Featured designs including works by Vanessa Beecroft, Kim Gordon, Calle Henzel and Marilyn Minter

Images: CALLE HENZEL, Amato Nayer Cagli, 2011 / 2022 (in-situ), CALLE HENZEL, Murella Torres / Louana Edit, 2011 / 2022 (in-situ), KIM GORDON, Fung dress, 2021 (in-situ), VANESSA BEECROFT, Untitled, 2022 (in-situ), CALLE HENZEL, Castilian (La Presa Night Edit), 2021 (in-situ), MARILYN MINTER, Twilight, 2019 (in-situ)

Beecroft's collaboration with Henzel Studio was initiated in 2018 during a period when Beecroft returned to the origins of her classical training and immersed herself completely into painting and sculpture that materialized her performances and turned them into objects. One of these paintings of a distorted female figure was selected to be appropriated into a hand knotted rug.


Portrait of Vanessa Beecroft 2015 polaroid. Photo by © Federico Spadoni, 2017, courtesy of the artist. 
VANESSA BEECROFT, Untitled, 2022 (in-situ) Please contact us for more information, availabilty and pricing.


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One of the world’s most progressive rug brands

Henzel Studio's ethos is based on the artistic practice of Calle Henzel. Over the past two decades, he has translated his artistic work into the medium at hand, positioning Henzel Studio as one of the world’s most progressive rug brands. Since the launch of 'Henzel Studio Collaborations' at Barneys New York Madison Avenue in 2014 during Frieze Art Fair, Henzel Studio has developed limited edition art rugs with over thirty leading contemporary artists.


Henzel x Warhol: A series of limited edition hand-knotted art rugs designed by Calle Henzel after Andy Warhol’s Oxidation Paintings (1978)

Henzel Studio is honored to further its collaboration with The Andy Warhol Foundation of Visual Arts on a second collection of handmade art rugs based on one of Warhol’s most controversial yet abstract series of works, his Oxidation Paintings.


Images: ANDY WARHOL, Oxidation Painting, 1978, Oxidation Painting (01), 2021, Design by Calle Henzel (in-situ) / Installation view of Andy Warhol - From A to B and Back Again (Whitney Museum of American Art, New York, November 12, 2018-March 31, 2019). From left to right, top to bottom: Skull, 1976; Skull, 1976; Skull, 1976; Skull, 1976; Oxidation Painting, 1978. Photograph by Ron Amstutz. New York, Whitney Museum of American Art. © 2021. Digital image Whitney Museum of American Art / Licensed by Scala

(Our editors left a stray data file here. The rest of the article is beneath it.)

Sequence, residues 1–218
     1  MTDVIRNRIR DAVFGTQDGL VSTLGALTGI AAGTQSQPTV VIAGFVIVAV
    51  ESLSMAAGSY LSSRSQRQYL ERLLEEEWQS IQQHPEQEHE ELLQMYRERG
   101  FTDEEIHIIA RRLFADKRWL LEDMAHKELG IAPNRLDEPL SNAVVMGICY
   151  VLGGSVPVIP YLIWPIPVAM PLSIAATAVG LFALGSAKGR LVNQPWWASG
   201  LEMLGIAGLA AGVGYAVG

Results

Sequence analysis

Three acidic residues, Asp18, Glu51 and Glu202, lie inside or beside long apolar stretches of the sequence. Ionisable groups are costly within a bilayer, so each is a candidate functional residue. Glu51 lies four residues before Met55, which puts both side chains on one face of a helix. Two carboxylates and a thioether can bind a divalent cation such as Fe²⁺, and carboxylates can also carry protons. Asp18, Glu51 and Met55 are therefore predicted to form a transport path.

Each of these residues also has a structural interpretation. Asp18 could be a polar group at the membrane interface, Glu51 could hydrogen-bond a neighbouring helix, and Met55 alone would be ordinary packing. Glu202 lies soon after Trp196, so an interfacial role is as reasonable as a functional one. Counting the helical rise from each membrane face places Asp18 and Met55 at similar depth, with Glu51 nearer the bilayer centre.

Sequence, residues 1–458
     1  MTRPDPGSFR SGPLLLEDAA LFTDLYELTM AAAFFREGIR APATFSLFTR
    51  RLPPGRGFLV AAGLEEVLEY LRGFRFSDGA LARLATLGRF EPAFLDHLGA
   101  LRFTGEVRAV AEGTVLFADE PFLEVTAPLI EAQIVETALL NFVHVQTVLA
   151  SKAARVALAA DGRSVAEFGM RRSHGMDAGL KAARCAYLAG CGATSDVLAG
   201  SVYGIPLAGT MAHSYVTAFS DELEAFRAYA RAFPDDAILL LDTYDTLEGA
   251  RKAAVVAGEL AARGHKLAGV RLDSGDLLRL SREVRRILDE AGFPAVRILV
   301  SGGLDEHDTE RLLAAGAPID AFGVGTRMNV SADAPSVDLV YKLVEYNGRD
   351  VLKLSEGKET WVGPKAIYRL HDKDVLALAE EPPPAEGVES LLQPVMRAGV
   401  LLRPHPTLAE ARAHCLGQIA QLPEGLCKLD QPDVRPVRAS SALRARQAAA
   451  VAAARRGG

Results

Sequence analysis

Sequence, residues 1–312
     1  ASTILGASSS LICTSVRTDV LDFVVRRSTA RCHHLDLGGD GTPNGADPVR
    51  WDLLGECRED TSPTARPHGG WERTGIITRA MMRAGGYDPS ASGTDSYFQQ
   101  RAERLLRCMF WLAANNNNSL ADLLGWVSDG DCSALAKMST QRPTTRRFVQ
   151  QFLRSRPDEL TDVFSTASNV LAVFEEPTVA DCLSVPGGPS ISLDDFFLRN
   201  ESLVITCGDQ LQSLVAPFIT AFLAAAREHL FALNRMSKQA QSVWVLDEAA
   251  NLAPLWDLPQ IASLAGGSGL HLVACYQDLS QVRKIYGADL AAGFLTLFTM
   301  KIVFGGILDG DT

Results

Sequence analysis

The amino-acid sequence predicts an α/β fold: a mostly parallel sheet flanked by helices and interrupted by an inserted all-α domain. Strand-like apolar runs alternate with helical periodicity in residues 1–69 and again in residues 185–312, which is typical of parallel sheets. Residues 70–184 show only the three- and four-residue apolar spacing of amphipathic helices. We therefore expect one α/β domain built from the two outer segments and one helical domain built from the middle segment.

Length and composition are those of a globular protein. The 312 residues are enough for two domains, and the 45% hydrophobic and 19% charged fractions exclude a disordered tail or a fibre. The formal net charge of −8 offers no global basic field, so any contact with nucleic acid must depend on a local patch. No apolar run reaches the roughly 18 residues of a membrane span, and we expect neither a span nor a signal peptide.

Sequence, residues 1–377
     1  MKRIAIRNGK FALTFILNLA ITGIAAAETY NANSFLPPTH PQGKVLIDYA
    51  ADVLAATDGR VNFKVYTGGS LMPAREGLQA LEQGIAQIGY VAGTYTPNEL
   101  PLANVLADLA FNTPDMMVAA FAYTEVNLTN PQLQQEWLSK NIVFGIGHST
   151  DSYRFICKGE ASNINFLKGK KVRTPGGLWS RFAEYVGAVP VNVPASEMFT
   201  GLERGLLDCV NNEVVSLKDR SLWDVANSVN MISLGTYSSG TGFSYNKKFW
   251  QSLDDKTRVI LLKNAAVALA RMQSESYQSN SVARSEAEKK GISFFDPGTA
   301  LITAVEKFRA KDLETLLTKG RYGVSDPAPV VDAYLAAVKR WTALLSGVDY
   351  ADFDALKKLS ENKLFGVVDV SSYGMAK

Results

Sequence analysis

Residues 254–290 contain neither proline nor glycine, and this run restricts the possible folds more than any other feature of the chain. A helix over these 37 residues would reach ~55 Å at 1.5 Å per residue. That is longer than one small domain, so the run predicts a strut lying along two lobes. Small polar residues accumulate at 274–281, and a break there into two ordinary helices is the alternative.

© / ® / ™ The Andy Warhol Foundation for the Visual Arts, Inc.

Video featuring Andy Warhol
© / ® / ™ The Andy Warhol Foundation for the Visual Arts, Inc.

Featuring over 30 world-renowned international artists and artists' estates

Since the launch of 'Henzel Studio Collaborations' at Barneys New York Madison Avenue in 2014 during Frieze Art Fair, Henzel Studio has developed art rugs with over thirty leading contemporary artists including Ashley Bickerton, Sanford Biggers, Olaf Breuning, Scott Campbell, Leo Gabin, Nan Goldin, Douglas Gordon, Carsten Höller, Jonathan Horowitz, Robert Knoke, Helmut Lang, Linder, Bjarne Melgaard, Marilyn Minter, Tim Noble & Sue Webster, Tony Oursler, Richard Phillips, Jack Pierson, Richard Prince, Anselm Reyle, Wilhelm Sasnal, Juergen Teller, Mickalene Thomas, Lawrence Weiner, Jwan Yosef and AVAF. Via 'Henzel Studio Heritage' extensive collections have also been developed in collaboration with artists' estates, that to date include Andy Warhol Foundation for the Visual Arts and Tom of Finland Foundation.